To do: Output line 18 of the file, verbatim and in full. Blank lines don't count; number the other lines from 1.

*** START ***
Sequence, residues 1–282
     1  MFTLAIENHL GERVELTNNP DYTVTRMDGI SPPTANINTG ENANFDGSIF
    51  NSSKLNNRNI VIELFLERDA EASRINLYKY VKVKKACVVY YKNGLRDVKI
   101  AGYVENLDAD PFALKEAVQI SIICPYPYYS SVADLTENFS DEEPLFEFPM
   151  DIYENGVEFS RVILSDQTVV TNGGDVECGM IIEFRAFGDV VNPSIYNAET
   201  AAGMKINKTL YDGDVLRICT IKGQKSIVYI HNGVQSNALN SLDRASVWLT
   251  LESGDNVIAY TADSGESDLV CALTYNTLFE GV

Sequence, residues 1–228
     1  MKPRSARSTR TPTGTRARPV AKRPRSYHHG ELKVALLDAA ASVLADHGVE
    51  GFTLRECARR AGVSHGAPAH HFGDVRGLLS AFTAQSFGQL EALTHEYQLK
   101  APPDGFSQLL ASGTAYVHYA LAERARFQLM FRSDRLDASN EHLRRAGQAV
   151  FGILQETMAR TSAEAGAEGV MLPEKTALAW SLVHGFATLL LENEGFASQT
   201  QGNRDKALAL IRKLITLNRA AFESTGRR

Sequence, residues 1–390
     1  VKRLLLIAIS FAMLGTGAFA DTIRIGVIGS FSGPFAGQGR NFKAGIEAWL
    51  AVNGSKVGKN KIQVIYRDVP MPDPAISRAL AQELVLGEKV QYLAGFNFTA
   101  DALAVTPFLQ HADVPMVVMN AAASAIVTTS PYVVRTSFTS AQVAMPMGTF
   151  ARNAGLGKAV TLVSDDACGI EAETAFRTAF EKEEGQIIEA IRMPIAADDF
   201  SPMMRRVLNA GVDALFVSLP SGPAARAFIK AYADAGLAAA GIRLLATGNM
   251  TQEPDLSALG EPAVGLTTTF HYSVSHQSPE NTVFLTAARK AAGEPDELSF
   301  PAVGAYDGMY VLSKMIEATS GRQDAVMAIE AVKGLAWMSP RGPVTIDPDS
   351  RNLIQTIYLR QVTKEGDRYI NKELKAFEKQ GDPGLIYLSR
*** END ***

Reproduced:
   151  ARNAGLGKAV TLVSDDACGI EAETAFRTAF EKEEGQIIEA IRMPIAADDF